Bluelounge has been making some great accessories for smartphones, tablets, and computers for the past few years. We recently got a chance to test out the Saidoka dock for iPhone 5/5s ($49.95) and the Mika ($39.95), a universal stand for tablets, e-readers, and laptops. Will either deserve a place on your desk?
The Saidoka, which comes in both a Lightning version and 30-pin version, is a charging dock for your iPhone that's designed to sit next to your keyboard. Available in both black and white, Saidoka keeps your iPhone docked at roughly the same angle as Apple's keyboards, making responding to texts or checking apps a breeze while you work. Two micro-suction strips on the bottom of the dock aid in adhering it to your desk, but won't leave any residue if you decide to move it. At just 3.25" wide and 4.5" deep, the Saidoka will be right at home next to your keyboard. Just attach the included micro-USB to the back of Saidoka, and the other end into your computer, set your phone in, and you're good to go.
The Mika is a fixed-angle aluminum stand, akin to the L-shape stand of Apple's iMac. Save for the soft rubber edges on the top and bottom, Mika's sandblasted aluminum finish mirrors that of the iMac and Macbooks, allowing it to blend seamlessly into your Apple-centric workspace. At 4.5" at its widest point, and just 3.75" deep, the Mika won't add much clutter to your workspace.
Saidoka: Although Saidoka can technically work with a case (there is a rubber insert that can be removed, allowing a case-clad iPhone to be docked), it wasn't so for me. I'm fairly certain that the only cases that will be compatible with Saidoka are shell-style cases that only snap on to the sides and back of the iPhone. But, once you remove whatever case you may be using, simply dock it in and onto the Lighting connector. While in the Saidoka, your phone can be charged and synced to your computer.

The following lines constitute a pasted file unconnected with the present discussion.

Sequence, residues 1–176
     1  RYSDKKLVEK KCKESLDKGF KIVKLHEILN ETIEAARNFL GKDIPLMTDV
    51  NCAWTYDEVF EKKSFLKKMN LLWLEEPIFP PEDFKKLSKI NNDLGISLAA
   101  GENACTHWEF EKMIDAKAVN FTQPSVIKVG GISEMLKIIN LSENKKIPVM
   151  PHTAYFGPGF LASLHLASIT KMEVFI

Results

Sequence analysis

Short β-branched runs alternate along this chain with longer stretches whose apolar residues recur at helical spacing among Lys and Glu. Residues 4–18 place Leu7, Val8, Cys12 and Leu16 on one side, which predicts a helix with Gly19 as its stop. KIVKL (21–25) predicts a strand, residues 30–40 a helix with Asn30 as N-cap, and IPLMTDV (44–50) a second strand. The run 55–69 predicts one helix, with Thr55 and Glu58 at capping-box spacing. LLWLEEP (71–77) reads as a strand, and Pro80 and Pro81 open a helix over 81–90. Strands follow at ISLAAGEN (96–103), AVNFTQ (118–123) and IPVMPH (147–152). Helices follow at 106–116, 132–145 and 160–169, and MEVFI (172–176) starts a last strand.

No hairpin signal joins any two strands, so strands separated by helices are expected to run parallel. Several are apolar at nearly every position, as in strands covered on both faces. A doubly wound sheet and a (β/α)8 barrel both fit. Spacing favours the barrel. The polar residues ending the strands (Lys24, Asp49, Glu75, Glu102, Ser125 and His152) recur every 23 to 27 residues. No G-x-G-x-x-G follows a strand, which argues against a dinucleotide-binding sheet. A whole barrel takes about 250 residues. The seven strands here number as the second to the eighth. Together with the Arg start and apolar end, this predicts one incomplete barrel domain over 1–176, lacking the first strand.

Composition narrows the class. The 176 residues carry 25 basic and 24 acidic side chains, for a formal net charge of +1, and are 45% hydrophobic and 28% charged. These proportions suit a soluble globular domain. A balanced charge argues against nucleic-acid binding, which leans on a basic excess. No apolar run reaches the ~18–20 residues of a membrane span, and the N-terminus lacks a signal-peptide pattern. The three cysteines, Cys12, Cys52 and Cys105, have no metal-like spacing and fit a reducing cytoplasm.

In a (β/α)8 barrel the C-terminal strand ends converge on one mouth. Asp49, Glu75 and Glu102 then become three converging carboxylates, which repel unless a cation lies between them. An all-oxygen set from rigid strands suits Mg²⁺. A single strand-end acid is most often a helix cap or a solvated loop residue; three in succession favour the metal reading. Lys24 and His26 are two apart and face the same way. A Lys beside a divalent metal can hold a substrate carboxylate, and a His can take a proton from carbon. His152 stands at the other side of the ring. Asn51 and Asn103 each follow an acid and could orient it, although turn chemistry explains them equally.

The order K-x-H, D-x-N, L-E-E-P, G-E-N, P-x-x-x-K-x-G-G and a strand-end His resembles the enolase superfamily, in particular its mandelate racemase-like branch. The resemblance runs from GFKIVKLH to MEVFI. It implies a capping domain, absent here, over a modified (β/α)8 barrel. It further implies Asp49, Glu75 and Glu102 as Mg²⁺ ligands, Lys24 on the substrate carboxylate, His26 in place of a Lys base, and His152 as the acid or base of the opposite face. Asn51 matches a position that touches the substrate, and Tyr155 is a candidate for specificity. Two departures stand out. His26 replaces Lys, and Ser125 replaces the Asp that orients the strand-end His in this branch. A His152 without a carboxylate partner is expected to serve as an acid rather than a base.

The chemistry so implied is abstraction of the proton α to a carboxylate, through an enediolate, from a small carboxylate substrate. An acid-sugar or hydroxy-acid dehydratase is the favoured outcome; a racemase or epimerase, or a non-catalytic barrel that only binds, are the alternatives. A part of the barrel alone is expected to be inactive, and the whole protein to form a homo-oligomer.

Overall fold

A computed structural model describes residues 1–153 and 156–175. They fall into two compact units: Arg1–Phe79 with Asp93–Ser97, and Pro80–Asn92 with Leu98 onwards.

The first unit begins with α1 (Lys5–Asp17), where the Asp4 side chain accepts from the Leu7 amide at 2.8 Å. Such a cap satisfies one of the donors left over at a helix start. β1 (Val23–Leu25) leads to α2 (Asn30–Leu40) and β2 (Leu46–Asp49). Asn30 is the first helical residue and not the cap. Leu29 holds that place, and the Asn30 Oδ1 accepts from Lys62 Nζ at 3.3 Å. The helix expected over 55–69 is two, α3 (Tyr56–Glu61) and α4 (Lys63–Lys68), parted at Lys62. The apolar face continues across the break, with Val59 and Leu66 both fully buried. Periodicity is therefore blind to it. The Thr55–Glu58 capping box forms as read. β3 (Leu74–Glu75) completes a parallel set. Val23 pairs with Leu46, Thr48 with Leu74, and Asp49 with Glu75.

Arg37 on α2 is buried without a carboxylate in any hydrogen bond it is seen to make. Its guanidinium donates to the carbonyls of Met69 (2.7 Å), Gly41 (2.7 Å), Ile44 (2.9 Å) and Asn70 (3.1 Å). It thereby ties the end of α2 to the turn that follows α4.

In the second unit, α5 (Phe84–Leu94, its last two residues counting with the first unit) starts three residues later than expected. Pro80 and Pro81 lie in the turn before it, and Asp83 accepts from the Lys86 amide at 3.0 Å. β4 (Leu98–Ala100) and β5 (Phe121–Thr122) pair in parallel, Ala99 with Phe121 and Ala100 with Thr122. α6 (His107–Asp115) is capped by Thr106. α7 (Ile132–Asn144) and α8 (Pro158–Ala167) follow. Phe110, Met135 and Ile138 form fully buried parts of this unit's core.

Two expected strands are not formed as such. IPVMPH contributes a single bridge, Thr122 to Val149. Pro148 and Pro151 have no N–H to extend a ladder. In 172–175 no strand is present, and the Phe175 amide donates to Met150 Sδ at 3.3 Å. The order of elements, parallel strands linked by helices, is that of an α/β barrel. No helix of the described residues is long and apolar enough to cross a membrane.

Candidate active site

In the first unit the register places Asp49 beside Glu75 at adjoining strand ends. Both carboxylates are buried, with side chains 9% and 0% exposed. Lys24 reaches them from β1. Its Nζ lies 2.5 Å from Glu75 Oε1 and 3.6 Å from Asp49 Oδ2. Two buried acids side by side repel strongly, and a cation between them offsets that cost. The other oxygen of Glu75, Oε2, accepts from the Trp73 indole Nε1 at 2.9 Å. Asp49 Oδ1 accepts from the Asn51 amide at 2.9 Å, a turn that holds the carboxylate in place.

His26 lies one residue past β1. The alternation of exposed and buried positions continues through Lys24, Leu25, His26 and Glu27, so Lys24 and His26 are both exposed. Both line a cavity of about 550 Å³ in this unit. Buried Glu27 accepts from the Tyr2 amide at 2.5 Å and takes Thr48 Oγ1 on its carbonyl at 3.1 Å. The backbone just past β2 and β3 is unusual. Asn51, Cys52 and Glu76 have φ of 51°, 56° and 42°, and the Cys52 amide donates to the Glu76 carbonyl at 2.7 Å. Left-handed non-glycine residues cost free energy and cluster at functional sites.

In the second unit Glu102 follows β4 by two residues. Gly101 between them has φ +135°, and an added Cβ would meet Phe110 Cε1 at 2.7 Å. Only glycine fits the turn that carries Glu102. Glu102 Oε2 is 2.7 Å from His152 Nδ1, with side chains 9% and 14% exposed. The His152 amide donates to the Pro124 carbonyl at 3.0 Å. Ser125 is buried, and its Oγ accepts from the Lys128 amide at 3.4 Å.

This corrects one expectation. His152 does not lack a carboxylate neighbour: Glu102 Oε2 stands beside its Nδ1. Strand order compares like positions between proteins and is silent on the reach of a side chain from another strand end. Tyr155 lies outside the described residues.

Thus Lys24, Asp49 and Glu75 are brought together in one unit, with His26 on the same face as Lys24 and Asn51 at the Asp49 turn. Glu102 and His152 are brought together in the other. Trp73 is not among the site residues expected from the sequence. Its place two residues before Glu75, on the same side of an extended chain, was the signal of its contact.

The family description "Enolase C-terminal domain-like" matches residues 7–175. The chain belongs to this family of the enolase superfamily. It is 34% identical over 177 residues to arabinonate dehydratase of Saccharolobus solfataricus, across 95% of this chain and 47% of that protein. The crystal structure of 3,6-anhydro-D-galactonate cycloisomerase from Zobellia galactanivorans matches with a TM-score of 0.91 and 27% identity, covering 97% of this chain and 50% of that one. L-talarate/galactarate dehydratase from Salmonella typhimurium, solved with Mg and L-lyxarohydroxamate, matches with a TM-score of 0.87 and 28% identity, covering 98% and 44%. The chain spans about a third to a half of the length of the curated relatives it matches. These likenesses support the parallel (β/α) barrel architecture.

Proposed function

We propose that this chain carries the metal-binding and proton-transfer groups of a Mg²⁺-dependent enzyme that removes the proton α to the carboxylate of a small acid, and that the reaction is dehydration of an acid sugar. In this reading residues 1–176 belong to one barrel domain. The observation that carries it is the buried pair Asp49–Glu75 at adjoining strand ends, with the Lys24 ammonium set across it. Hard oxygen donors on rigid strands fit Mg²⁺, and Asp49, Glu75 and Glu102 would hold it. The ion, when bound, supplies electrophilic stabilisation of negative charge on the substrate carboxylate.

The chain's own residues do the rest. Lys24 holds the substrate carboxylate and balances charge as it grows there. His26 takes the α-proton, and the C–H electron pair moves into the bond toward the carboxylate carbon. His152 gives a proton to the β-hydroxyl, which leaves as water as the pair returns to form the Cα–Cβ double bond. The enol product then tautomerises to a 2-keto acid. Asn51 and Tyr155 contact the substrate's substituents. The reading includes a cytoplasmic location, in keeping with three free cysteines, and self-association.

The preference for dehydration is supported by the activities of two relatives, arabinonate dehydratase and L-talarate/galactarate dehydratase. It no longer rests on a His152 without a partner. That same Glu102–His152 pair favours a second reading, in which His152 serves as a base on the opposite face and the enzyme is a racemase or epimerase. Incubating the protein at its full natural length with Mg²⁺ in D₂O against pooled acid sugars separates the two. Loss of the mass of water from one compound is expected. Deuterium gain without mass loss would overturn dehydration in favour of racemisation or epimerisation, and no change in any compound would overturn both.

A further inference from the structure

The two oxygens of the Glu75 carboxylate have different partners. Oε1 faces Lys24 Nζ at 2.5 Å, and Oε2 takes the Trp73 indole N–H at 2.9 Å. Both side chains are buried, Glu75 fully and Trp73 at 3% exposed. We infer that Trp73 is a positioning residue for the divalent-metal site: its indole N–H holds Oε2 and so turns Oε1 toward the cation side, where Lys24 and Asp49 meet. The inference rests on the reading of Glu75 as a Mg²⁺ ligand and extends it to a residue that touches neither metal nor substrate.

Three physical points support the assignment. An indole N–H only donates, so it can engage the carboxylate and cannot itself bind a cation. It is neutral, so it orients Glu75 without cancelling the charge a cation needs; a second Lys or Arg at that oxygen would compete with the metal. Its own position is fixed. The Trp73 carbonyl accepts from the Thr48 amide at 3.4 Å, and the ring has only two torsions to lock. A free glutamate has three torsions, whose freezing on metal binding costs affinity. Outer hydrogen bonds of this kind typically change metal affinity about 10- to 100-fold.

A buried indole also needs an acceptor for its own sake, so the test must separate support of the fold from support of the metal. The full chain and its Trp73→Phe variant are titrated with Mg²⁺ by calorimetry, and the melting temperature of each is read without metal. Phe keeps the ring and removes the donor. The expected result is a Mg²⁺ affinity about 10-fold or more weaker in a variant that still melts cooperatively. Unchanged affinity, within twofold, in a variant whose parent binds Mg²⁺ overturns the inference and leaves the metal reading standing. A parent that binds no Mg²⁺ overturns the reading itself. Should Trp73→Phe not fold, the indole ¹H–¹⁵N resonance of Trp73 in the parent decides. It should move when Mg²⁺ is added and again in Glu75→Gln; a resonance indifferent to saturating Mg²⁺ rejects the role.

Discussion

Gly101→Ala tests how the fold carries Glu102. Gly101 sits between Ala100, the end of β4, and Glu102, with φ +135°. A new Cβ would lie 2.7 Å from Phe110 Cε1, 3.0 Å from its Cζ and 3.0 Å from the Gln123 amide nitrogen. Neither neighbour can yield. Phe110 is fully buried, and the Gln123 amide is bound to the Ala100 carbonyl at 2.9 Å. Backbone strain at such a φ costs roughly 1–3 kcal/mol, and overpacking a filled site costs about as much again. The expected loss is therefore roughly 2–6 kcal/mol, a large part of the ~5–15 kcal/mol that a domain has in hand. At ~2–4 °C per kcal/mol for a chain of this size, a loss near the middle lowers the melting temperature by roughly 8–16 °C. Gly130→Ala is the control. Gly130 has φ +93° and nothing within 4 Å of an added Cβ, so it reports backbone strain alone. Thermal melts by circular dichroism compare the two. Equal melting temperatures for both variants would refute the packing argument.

Since Saidoka holds your phone at a similar angle Apple's keyboards, transitioning from typing to dealing with your phone is seamless. When it's time to run or answer a call, removing the iPhone from the dock was easily doable with one hand, in my experience. Unfortunately, the dock lacks any type of acoustics, rendering it useless if you want to take a call on speakerphone or listen to music while your phone it docked.
Mika: The Mika holds your tablet (the iPad Air in my case) at roughly a 70-degree angle, which for me, was perfect for a few taps here or there while working on my main computer. With my iPad in landscape orientation, the Mika's angle was great for watching movies and playing games that didn't require me to hold the device in my hands. Reading with the Mika is also surprisingly pleasant, whether it be at the desk, or during a meal at the table. Unlike the Saidoka, Mika doesn't have any micro-suction pads to secure it to your desk. Fortunately, this makes moving the stand a quick affair, allowing you to quickly dock your iPad where you need to.
- Comfortable angle for handling alerts and texts
- Good size for existing work space
- Can charge and sync your iPhone while docked
- Blends in with any Apple-centric workspace
- Can be used with any iPads, tablets, and even laptops
- Lightweight, yet durable
- High price for limited functionality
- Won't work with many iPhone cases
- Poor acoustics
- Fixed angle, but that's the point
If you're on the lookout for a nice iPhone dock, it may be better to pass on the Saidoka. While it's good at what it does, it may be tough to justify the price, especially when you have to take your phone out of its case to use it.
On the other hand, the Mika is a great stand that does its one job beautifully—both literally and figuratively. Its price may be a bit high for a fixed-angle stand, but you'll be hard-pressed to find a more elegant stand for your iPad.
For more information on the Saidoka and Mika, visit Bluelounge's website.